As one of America’s 100 Best Hospitals, Stony Brook University Hospital is in the top 2 percent of hospitals nationwide and one of only four hospitals in New York State exhibiting exemplary clinical excellence over the most recent three-year evaluation.

Stony Brook was also named one of America’s 100 Best Hospitals for cardiac care, coronary intervention and stroke care. I’m proud to report that our hospital is the only one in the entire U.S. Northeast region, and one of only two hospitals in the nation, to achieve America’s 100 Best Hospitals in all four of these categories.

With so many choices, it helps to understand that the quality of care you receive varies from hospital to hospital. Whether you are planning an elective surgery or you are admitted to our hospital unexpectedly, it’s important to know that at Stony Brook University Hospital, you’ll be at one of the nation’s best.

Dr. Kenneth Kaushansky is senior vice president, Health Sciences, and dean, Renaissance School of Medicine at Stony Brook University.

The happy couple, Edward Guida and Nicole Hartstein-Guida with Nicole’s mom, Jane. Photo from Gurwin Jewish
In a clinical setting, a little room for love

On the 28-bed respiratory care unit at the Gurwin Jewish Nursing & Rehabilitation Center in Commack, one might not expect to see twinkle lights, champagne bubbles and a chuppa, but that’s just what the staff and residents saw when Nicole Hartstein and her then fiancé, Edward Guida, surprised Nicole’s mother, Jane Hartstein, with a wedding.

From left, Rabbi David Altman, groom’s mom Mary Guida, Nicole Hartstein-Guida, Edward Guida and Mons. Joseph Calise

Jane, who was completely shocked upon seeing her daughter in her wedding dress, has been on a ventilator for more than three years, living at Gurwin for almost that long after a stroke. “I can’t believe this,” she said when she was wheeled into the decorated family room on the unit. “I’m just so happy, I can’t believe they did this.”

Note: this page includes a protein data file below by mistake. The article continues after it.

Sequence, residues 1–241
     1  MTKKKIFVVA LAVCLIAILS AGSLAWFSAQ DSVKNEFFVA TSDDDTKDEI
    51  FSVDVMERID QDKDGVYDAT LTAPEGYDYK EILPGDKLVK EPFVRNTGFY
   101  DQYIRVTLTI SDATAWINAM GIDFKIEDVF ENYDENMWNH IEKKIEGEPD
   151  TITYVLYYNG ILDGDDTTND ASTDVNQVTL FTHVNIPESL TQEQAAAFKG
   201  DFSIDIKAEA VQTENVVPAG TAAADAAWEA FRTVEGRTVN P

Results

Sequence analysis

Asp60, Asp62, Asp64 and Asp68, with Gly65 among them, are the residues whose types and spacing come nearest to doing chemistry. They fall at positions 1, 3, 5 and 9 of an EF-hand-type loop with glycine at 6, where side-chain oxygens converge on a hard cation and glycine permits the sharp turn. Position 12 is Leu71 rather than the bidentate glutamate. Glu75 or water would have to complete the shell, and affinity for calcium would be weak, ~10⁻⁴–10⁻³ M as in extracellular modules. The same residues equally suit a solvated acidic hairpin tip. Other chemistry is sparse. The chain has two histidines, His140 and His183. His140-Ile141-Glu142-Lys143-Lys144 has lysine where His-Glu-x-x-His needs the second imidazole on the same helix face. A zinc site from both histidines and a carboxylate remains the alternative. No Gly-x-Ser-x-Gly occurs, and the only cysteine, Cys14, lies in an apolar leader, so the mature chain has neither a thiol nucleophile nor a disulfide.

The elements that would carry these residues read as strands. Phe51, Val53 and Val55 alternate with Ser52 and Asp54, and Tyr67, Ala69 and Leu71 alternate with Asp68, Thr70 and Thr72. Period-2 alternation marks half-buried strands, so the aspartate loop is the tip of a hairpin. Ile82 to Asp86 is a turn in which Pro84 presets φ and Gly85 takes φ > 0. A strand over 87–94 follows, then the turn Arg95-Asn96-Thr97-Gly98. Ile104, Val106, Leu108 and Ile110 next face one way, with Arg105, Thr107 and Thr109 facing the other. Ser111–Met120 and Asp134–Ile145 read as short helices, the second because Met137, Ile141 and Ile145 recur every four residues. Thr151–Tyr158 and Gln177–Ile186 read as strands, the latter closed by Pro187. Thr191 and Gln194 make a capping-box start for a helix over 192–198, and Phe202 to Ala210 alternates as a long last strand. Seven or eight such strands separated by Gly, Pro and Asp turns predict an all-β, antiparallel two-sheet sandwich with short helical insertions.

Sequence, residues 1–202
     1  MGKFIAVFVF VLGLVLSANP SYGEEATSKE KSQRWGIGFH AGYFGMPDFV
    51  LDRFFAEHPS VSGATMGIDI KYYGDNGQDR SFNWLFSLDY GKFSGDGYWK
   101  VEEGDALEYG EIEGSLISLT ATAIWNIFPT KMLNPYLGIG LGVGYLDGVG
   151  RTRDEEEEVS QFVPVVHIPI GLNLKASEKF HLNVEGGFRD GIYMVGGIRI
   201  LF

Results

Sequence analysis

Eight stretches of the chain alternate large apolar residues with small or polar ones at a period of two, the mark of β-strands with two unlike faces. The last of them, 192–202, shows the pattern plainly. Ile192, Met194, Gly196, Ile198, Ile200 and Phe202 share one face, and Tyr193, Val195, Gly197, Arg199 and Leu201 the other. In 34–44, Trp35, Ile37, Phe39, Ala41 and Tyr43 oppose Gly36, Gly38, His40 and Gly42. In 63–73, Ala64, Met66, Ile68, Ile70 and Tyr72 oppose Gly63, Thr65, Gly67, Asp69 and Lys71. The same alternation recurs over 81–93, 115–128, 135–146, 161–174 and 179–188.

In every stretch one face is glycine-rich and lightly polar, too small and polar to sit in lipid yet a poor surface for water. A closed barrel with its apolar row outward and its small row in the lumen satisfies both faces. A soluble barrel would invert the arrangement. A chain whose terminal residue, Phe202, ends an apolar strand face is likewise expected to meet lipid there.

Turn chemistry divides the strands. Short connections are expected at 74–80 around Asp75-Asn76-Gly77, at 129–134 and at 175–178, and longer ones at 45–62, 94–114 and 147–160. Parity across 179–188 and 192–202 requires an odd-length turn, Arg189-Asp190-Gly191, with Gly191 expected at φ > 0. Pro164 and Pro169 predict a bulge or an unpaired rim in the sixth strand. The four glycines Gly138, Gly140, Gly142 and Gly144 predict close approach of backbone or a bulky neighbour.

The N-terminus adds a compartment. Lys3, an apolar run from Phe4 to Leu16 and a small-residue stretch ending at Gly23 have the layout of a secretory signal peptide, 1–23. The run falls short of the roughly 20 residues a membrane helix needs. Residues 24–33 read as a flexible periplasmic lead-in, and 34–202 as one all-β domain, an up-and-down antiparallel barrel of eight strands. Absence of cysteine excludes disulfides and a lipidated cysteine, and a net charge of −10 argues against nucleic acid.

According to Nicole, she and her fiancé wanted her mother to be part of their wedding, but knew she could not make the trip to the New Jersey wedding venue on Sunday, May 26. So instead, they decided to get married at Gurwin prior to their scheduled wedding and reception, officially changing their anniversary, if only for those in the know. 

The “wedding” went on as planned at the West Mount Country Club in Woodland Park, New Jersey (and Jane live-streamed it on her TV at Gurwin), but Nicole and Edward knew that the important ceremony had already taken place.

For that ceremony, Gurwin staff transformed the family room on the respiratory care unit into a wedding chapel, complete with lights, Mr. & Mrs. signs and tulle. And when Jane was wheeled in, she burst into tears, so happy to be able to share in her daughter’s joy.

The happy couple

When Nicole saw her mother’s tears, she had to wipe her own away, as well. “I know you wanted to be at our wedding, so we’re bringing our wedding to you,” she said, hugging her mom before she took her place to walk down the makeshift “aisle” outside the family room.

“A Thousand Years” by Christina Perri played and staff and residents watched as Nicole was escorted by her uncle, James Jacobs, into the family room where a small group of her family, including her mom, waited with the priest and rabbi. Nicole beamed as the ceremony made her officially Mrs. Hartstein-Guida.  “This is amazing,” she said.

An eight-year relationship lead up to this point, and Edward knew that his bride-to-be needed her mother to be at her wedding. “I just want Nicole to be happy, and I want her mom to be happy, too. We knew we wanted to do this,” he said.

As the kiss was exchanged and congratulations were expressed, Jane sat watching the festivities. “I can’t believe it,” she said, tearing up. “This is the best gift anyone could ever have given me.”

Photos from Gurwin Jewish

Stock photo

By Nancy Marr

Concern about the school to prison pipeline has mounted in recent years. At the opening of the first federal hearing on the subject, earlier this year, Sen. Dick Durbin (D-IL) said, “For many young people, our schools are increasingly a gateway to the criminal justice system. This phenomenon is a consequence of a culture of zero tolerance that is widespread in our schools and is depriving many children of their fundamental right to an education.”